The other type of bets available are all based on the race card of 40 runners in the race. There are essentially three other types of bets you can make on the race.
The first is a bet on whether the winning horse will have an odd or even number on the race card, and this is essentially an even money bet (or thereabouts).
You can also bet on whether the winner of the race will be one of the favourites (numbers 1-20) or one of the outsiders (numbers 21-40).
Lastly, you can also bet on which of the ten groups of horses in the race the winner will come from and these bets offer you a return if any one of the four horses in your group wins the race. The odds on these range from around 2/1, up to 40/1 for one of the last four in the outsider’s group to win the race.
The horses are simply a number of random names selected to make the 40-strong field and although some may resemble or be copies of real horses, that is merely a coincidence. You won’t find a race that contains Red Rum or Tiger Roll for example.
How does the Grand National Virtual look and sound?
The first thing to note about the Grand National game is that its attention to detail is sensational. The full Aintree Racecourse is recreated in painstaking detail, with the fences replicas of the real race track and all the main features of the track shown, even down to the ambulances at the side of the track and the grandstands packed with throngs of people cheering on the winning horses.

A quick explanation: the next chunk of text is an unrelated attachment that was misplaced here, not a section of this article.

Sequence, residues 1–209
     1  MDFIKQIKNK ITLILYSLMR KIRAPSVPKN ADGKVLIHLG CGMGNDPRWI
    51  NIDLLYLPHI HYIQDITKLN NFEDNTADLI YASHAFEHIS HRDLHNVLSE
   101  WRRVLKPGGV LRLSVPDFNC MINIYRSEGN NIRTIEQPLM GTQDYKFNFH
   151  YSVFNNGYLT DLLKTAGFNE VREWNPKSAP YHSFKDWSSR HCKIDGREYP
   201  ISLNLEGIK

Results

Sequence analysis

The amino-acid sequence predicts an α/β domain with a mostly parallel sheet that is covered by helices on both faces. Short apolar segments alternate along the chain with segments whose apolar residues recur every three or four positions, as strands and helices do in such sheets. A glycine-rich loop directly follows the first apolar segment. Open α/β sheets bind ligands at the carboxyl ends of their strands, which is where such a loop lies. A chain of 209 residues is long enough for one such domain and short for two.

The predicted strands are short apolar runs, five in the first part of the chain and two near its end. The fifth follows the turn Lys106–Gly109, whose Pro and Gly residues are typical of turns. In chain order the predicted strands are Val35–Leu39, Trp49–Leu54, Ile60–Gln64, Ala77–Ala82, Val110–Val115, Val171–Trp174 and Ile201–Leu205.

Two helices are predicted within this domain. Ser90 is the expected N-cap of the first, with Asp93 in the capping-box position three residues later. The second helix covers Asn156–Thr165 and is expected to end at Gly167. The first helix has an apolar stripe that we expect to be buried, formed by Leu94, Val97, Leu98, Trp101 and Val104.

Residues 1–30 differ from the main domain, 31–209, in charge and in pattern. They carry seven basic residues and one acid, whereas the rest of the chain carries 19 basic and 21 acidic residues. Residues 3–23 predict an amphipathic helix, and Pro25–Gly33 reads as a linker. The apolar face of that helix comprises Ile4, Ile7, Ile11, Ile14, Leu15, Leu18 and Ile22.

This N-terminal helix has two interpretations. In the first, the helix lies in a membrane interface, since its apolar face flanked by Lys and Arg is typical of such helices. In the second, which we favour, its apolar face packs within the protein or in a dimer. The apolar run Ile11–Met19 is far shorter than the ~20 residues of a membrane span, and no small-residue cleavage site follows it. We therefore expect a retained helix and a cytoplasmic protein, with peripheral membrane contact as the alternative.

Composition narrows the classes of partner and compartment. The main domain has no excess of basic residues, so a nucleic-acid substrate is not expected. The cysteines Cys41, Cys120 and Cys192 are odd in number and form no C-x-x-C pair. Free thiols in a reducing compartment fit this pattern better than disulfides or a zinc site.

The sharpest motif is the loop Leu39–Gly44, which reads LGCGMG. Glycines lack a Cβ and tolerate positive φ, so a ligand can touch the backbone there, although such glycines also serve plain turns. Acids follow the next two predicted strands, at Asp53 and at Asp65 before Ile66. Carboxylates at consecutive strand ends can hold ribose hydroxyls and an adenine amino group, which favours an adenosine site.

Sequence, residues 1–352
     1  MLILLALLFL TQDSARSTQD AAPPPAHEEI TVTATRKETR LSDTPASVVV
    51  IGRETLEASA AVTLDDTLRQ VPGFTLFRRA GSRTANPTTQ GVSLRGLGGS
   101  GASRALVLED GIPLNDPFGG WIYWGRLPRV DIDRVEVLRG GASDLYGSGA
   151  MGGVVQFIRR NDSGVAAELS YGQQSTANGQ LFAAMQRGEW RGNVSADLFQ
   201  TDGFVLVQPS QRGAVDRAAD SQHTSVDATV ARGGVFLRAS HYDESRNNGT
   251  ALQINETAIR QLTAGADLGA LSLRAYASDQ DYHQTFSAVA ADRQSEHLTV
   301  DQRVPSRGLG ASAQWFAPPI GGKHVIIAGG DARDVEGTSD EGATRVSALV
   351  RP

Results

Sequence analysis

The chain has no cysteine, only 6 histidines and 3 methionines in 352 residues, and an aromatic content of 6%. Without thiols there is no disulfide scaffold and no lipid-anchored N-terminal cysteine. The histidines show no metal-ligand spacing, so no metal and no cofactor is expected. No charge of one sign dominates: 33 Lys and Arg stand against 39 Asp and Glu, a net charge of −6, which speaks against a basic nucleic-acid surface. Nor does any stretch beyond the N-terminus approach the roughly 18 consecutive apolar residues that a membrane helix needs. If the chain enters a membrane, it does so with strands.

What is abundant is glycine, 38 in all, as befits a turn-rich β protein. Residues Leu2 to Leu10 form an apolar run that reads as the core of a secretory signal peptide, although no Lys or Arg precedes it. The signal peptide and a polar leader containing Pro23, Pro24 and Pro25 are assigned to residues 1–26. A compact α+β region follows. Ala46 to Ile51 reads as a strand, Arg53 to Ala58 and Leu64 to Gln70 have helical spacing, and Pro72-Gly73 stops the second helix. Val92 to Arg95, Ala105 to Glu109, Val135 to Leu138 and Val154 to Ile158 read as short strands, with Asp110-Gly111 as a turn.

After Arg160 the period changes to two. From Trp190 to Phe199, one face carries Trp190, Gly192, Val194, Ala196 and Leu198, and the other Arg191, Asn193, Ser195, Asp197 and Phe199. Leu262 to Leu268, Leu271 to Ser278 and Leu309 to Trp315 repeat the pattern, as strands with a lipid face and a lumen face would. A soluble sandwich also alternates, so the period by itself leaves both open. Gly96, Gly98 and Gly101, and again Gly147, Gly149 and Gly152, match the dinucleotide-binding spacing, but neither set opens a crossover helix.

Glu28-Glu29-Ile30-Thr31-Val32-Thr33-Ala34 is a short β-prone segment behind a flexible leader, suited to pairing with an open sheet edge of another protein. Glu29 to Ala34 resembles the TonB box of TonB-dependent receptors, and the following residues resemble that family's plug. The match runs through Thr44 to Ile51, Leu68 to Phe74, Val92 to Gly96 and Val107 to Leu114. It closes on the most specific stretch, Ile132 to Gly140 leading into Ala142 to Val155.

In terms of realism, for ne this is the most realistic of all the different Virtual Horseracing games available you can play at bet365 Sport (of which there are now a total of five different options to pick from)
If there is one thing that could perhaps be improved then it is the commentary. The commentator doesn’t mention any horse by name or number, only noting that some horses pull up, fall or unseat their rider. It would be nice if the commentator did mention at least the number of the horse, if only because it would then allow those with poor eyesight the chance to understand what is going on in the race.
How tough is it to pick a winner?
For me, the Grand National Virtual is more for punters that love this particular race and the fact that you can sometimes see a real outsider, if not win the race, then at least finish in the each way positions to offer the punter the chance of a decent return.
To be fair, this Virtual does replicate that nicely. In my time reviewing the game, while the majority of winners came from the first two or three groups of lower priced runners, there were numerous times that a high priced outsider came in one of the top five paying places in the race, including a number of runners at odds of 100/1 or greater.
With 40 runners, it is never going to be easy to pick a winner, but the group betting options offer a better chance for punters who like to use them, but I feel Virtual Grand National is one definitely more for those who like to back the big money outside bets each way.
However, it is another fantastic Virtual Sports offering and one that enriches Virtual Horseracing a great deal.